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Congenital adrenal hyperplasia (CAH), with an incidence rate of 1 in 10,000 to 18,000 live births, is one of the most common inherited syndromes. The condition is characterized by impaired cortisol production due to inherited defects in steroid biosynthesis. The clinical consequences of CAH, besides diminished cortisol production, depend on which enzyme is affected and whether the loss of function is partial or complete.
In >90% of CAH cases, the affected enzyme is 21-steroid hydroxylase, encoded by the CYP21A2 gene located on chromosome 6 within the highly recombinant human histocompatibility complex locus. Since sex steroid production pathways branch off proximal to this enzymatic step, affected individuals will have increased sex steroid levels. If there is some residual enzyme activity, a nonclassical phenotype results, with variable degrees of masculinization starting in later childhood or adolescence. On the other end of the spectrum are patients with complete loss of 21-hydroxylase function. This leads to both cortisol and mineral corticosteroid deficiency and is rapidly fatal if untreated due to loss of vascular tone and salt wasting.
Because of its high incidence rate, 21-hydroxylase deficiency is screened for in most US newborn screening programs, typically by measuring 17-hydroxyprogesterone concentrations in blood spots by immunoassay. Confirmation by other testing strategies (eg, LC-MS/MS, CAHBS / Congenital Adrenal Hyperplasia [CAH] Newborn Screening, Blood Spot), or retesting after several weeks, is required for most positive screens because of the high false-positive rates of the immunoassays (due to physiological elevations of 17-hydroxyprogesterone in premature babies and immunoassay cross-reactivity with other steroids). In a small percentage of cases, additional testing will fail to provide a definitive diagnosis. In addition, screening strategies can miss many nonclassical cases, which may present later in childhood or adolescence and require more extensive steroid hormone profiling, including testing before and after adrenal stimulation with adrenocorticotropic hormone (ACTH)-1-24.
For these reasons, genetic diagnosis plays an important ancillary role in both classical and nonclassical cases. In addition, the high carrier frequency (approximately 1 in 50) for CYP21A2 mutations makes genetic diagnosis important for genetic counseling. Genetic testing can also play a role in prenatal diagnosis of 21-hydroxylase deficiency. However, accurate genetic diagnosis continues to be a challenge because most of the mutations arise from recombination events between CYP21A2 and its highly homologous pseudogene, CYP21A1P (transcriptionally inactive). In particular, partial or complex rearrangements (with or without accompanying gene duplication events), which lead to reciprocal exchanges between gene and pseudogene, can present severe diagnostic challenges. Comprehensive genetic testing strategies must therefore allow accurate assessment of most, or all, known rearrangements and mutations, as well as unequivocal determination of whether the observed changes are located within a potentially transcriptionally active genetic segment. Testing of additional family members is often needed for clarification of genetic test results.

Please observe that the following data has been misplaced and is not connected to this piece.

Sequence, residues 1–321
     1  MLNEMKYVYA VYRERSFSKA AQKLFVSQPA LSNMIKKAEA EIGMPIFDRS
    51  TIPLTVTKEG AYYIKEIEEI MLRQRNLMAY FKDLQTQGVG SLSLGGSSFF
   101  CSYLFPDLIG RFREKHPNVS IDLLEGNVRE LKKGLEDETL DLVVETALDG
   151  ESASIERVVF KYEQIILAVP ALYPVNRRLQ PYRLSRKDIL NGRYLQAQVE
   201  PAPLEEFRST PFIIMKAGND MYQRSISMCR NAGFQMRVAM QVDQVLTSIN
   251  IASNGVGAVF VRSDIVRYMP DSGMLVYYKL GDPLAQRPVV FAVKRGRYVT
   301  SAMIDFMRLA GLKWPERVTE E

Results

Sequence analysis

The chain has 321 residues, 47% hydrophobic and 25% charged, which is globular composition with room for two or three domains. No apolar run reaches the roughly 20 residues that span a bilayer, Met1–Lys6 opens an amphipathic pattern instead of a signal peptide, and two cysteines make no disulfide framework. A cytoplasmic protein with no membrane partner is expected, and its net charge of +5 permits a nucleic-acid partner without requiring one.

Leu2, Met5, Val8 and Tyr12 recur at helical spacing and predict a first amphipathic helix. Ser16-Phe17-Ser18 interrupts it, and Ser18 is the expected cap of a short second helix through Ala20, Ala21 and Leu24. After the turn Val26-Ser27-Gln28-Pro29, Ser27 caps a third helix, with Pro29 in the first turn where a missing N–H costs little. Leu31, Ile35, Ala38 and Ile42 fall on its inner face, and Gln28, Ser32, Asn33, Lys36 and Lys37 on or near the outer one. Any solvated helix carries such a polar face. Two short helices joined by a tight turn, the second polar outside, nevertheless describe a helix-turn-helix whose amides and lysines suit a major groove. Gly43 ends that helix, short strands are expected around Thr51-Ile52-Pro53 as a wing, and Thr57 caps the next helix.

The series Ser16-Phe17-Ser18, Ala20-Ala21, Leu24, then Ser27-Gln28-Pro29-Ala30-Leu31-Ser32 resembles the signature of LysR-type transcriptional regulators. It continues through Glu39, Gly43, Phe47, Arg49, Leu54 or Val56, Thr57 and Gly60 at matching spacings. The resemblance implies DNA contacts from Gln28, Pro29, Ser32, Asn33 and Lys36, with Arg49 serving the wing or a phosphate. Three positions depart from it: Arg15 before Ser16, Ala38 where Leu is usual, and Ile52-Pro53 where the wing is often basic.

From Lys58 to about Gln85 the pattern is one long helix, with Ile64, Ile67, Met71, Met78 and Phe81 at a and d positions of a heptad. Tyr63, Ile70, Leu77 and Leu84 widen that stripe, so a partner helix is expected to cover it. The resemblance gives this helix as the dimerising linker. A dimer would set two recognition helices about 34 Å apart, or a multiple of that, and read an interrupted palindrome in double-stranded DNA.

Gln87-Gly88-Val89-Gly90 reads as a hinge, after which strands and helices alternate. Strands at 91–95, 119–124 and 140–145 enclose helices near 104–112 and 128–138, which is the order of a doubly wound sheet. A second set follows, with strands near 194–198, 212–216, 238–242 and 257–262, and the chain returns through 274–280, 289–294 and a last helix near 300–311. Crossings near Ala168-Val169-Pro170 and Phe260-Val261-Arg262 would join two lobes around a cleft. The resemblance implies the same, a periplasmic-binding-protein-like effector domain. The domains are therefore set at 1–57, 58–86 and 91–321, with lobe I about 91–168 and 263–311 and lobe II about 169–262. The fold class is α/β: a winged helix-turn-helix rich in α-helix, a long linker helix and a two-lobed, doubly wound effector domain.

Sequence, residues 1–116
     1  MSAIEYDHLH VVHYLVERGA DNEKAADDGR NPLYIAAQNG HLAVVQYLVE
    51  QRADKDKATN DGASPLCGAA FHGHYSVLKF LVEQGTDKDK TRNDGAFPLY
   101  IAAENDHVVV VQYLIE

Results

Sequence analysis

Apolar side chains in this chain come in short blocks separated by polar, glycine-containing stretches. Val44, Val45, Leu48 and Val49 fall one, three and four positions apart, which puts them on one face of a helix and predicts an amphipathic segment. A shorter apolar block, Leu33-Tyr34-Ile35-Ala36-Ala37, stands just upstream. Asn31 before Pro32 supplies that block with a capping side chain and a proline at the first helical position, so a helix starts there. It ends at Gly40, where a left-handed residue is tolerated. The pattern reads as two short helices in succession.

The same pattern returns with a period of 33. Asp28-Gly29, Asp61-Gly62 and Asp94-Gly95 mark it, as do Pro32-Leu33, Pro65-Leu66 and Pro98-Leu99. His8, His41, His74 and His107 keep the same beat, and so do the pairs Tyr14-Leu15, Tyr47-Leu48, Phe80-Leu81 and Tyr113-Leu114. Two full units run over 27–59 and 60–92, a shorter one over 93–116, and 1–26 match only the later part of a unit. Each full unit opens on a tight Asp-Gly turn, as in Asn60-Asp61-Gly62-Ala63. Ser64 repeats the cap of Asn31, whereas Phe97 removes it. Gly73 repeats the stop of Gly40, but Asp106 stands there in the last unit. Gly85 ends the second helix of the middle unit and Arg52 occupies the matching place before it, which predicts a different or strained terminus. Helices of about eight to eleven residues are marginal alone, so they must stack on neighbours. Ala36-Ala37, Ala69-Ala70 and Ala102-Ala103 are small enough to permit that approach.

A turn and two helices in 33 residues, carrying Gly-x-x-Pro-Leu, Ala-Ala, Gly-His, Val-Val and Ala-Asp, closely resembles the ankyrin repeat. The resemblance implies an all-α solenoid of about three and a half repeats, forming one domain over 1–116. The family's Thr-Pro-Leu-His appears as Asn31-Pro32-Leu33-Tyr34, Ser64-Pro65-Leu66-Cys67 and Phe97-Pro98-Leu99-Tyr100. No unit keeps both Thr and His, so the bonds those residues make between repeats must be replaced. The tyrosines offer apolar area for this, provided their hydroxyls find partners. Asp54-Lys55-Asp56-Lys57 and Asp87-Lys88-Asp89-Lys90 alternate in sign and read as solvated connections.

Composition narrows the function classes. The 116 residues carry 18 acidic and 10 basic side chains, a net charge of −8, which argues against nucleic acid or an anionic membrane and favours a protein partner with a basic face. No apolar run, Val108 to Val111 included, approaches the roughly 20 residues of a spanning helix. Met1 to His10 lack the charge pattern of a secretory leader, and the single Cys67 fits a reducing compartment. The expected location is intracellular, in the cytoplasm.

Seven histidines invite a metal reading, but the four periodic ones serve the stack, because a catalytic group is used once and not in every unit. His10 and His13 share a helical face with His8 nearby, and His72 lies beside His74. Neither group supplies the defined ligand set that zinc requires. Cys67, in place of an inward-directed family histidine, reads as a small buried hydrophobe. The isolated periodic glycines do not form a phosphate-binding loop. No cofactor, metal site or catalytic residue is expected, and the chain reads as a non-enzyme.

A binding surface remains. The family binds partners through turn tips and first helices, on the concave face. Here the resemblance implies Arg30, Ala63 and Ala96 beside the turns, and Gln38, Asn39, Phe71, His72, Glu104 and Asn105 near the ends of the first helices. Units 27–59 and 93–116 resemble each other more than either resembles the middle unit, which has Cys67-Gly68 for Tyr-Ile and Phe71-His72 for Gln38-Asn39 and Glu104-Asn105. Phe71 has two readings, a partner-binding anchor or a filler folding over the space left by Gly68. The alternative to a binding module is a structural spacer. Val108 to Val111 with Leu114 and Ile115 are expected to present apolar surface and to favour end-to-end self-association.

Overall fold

Carrier screening and diagnosis of 21-hydroxylase deficient congenital adrenal hyperplasia (CAH) as follow-up to positive CAH newborn screens and/or measurement of basal and adrenocorticotropic hormone- 1-24 stimulated 17-hydroxyprogesterone, androstenedione, and other adrenal steroid levels
May be used to identify CYP21A2 mutations in individuals with a suspected diagnosis of 21-hydroxylase deficient CAH when a common mutation panel is negative or only identifies 1 mutation
All detected alterations will be evaluated according to American College of Medical Genetics and Genomics (ACMG) recommendations. Variants will be classified based on known, predicted, or possible pathogenicity and reported with interpretive comments detailing their potential or known significance.
Because of the complexity of the genetic structure of the CYP21A2 locus, and the possibility that a patient's congenital adrenal hyperplasia (CAH) may be due to other gene defects, genetic testing results should be correlated carefully with clinical and biochemical data.
This testing strategy is superior to approaches previously used, but may still miss some complex and large-scale genetic rearrangements or deletions, as well as genetic changes in far upstream or downstream gene-regulatory elements that impair CYP21A2 gene expression. This can lead to false-negative test results.
Rare polymorphisms in primer binding sites can lead to selective allelic drop-out, which can lead to false-negative or false-positive diagnosis.
Patients without genetic evidence for disease-causing CYP21A2 genetic changes may still have CAH, but due to a different enzyme defect. Additional and expanded biochemical steroid profiling is, therefore, recommended if the clinical picture is strongly suggestive of CAH.
An interpretive report will be provided.
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3. Mercke DP, Bornstein SR, Avila NA, Chrousos GP: NIH conference: future directions in the study and management of congenital adrenal hyperplasia due to 21-hydroxylase deficiency. Ann Intern Med 2002;136:320-334
4. Speiser PW, White PC: Medical progress: congenital adrenal hyperplasia. N Engl J Med 2003;349:776-788
5. Cradic KW, Grebe SK: A diagnostic sequencing assay for Cyp21 based on promoter activity provides better understanding of gene rearrangements. Abstract. Endocrine Society Annual Meeting, ENDO 2005